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President Obama set for historic visit to Hiroshima

Published 10/05/2016

President Barack Obama will visit Hiroshima
President Barack Obama will visit Hiroshima

President Barack Obama will become the first sitting American president to visit Hiroshima, where the US dropped an atomic bomb during World War II.

President Obama will visit the site with Japanese Prime Minister Shinzo Abe during a previously scheduled trip to Japan, the White House announced.

The president intends to "highlight his continued commitment to pursuing the peace and security of a world without nuclear weapons", White House spokesman Josh Earnest said.

The president will not apologise for the bombing, the White House made clear. And Mr Abe said none was expected nor necessary, suggesting the visit itself would send a powerful message.

"The prime minister of the world's only nation to have suffered atomic attacks, and the leader of the world's only nation to have used the atomic weapons at war will together pay respects for the victims," Mr Abe told reporters.

"I believe that would be a way to respond to the victims of the atomic bombings and the survivors who are still in pain."

The president's visit has been widely anticipated since US Secretary of State John Kerry's trip to the Hiroshima memorial in April.

Mr Kerry toured the peace museum with other foreign ministers of the Group of Seven industrialised nations and participated in an annual memorial service just steps from the site's ground zero.

Hiroshima Mayor Kazumi Matsui praised President Obama's plan to visit as a "bold decision based on conscience and rationality", adding that he hopes the president will have a chance to hear the survivors' stories.

He also expressed hope the visit would be "a historic first step toward an international effort toward abolishing nuclear weapons, which is a wish of all mankind".

The US attack on Hiroshima on August 6, 1945, in the final days of World War II, killed 140,000 people and badly burned many thousands more.

While it scarred a generation of Japanese, both physically and mentally, many Americans believe the bombing, along with another August 9 on the city of Nagasaki, hastened the end of the war and saved countless other lives. Japan announced it would surrender on August 15.

Diverging views about an act that forever changed war have made a visit from a sitting US president a delicate and arguably politically risky move.

Former President Jimmy Carter did visit, in 1984, three years after he left office.

It took 65 years for a US ambassador to attend the annual memorial service.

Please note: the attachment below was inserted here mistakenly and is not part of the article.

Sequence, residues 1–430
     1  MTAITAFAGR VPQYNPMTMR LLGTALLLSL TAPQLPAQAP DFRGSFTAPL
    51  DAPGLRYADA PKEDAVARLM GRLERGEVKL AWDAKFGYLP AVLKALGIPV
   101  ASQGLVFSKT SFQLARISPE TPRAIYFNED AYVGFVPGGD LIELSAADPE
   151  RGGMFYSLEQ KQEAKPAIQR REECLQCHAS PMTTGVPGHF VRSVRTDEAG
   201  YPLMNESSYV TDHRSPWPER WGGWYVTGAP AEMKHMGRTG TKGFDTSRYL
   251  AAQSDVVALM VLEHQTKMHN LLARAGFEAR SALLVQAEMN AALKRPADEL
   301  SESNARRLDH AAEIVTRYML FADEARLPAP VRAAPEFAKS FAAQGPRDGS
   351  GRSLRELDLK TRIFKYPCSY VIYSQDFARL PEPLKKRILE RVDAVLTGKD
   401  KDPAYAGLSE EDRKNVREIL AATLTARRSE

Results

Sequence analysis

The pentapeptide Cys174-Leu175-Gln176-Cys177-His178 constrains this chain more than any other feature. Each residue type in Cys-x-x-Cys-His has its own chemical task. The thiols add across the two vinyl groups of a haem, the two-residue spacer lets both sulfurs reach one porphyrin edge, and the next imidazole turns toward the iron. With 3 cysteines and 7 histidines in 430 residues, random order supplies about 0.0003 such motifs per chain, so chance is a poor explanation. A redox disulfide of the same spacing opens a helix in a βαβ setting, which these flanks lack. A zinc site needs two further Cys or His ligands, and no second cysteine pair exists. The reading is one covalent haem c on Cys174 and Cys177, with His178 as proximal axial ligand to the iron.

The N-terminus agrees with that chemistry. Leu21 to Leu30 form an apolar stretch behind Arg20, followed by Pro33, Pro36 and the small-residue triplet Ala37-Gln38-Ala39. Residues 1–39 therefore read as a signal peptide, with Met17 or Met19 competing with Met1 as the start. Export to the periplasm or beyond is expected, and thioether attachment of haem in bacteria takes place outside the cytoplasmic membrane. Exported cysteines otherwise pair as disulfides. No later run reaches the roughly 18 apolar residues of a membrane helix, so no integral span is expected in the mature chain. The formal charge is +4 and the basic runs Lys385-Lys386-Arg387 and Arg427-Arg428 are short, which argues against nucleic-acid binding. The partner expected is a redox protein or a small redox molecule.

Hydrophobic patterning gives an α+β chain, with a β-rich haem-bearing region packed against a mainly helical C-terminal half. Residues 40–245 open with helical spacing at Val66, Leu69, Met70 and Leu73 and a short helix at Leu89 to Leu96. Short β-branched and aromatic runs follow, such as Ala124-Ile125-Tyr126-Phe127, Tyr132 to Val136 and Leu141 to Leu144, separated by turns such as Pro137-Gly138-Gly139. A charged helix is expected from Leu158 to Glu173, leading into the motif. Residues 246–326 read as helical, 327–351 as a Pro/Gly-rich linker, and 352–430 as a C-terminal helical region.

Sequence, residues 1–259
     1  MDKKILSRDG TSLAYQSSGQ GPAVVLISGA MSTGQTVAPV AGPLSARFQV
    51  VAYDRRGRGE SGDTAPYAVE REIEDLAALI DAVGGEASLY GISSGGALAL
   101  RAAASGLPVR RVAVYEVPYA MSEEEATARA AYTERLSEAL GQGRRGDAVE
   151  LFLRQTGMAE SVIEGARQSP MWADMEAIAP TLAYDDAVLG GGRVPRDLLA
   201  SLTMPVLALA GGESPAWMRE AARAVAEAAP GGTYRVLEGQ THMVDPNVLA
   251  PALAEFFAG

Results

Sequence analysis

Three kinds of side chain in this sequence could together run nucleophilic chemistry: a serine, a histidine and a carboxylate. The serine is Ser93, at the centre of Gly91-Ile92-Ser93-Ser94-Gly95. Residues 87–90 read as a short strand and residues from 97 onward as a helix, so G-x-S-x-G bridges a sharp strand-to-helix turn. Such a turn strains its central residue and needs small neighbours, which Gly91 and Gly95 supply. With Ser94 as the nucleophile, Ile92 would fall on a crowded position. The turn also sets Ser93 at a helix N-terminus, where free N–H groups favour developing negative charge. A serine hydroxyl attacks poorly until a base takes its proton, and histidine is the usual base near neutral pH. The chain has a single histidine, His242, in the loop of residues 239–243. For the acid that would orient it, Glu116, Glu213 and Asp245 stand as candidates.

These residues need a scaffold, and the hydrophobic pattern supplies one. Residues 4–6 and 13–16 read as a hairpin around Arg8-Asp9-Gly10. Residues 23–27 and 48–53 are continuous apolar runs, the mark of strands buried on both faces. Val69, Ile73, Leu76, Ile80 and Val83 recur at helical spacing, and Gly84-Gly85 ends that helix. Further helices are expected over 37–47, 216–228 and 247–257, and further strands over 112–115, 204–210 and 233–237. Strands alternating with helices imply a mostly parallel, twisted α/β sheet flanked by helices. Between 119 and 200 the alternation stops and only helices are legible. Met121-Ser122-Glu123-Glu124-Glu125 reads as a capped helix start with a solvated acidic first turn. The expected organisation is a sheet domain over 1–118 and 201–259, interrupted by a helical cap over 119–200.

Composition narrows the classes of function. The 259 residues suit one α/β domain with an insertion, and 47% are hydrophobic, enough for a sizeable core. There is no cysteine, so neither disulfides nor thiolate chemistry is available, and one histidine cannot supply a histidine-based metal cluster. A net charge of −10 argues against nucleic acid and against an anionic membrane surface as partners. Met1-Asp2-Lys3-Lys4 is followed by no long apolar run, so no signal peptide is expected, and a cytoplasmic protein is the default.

In the US, officials remain wary that a presidential visit could be perceived as an apology for an act believed to have saved American lives.

Sunao Tsuboi, 91, a survivor of the bombing and head of a survivors' group in the western Japanese city, welcomed the decision.

"The day has finally come," Mr Tsuboi told Japan's NHK national television.

"We are not asking for an apology," Mr Tsuboi said. "All we want is to see him lay flowers at the peace park and lower his head in silence. This would be a first step toward abolishing nuclear weapons."

Nagasaki Mayor Tomihisa Taue said he respected President Obama for what he saw as a tough decision.

"I expect that the president will send a powerful message, in his own words, toward achieving a world without nuclear weapons," Mr Taue said in a statement.

Kevin Martin, president of Peace Action, a US-based group, said President Obama should use the visit to announce specific steps to "bring the world closer to being free of nuclear weapons", such as reducing the number of nuclear warheads in reserve.

"Obama will look insincere if his words espouse ridding the world of nuclear weapons while at the same time his administration continues its plan to spend a trillion dollars over 30 years to upgrade nuclear weapons," Mr Martin said in a statement.

Early in his presidency, President Obama said he would be honoured to make the trip, and the White House has said it often considered a visit on previous trips to Asia. It has not explained why a visit there has never come together.

Asked last week whether the president believes an apology is warranted, Mr Earnest was direct: "No, he does not."

President Obama will be in Japan to attend the Group of 7 economic summit, part of a week-long Asia tour that will also include a stop in Vietnam.

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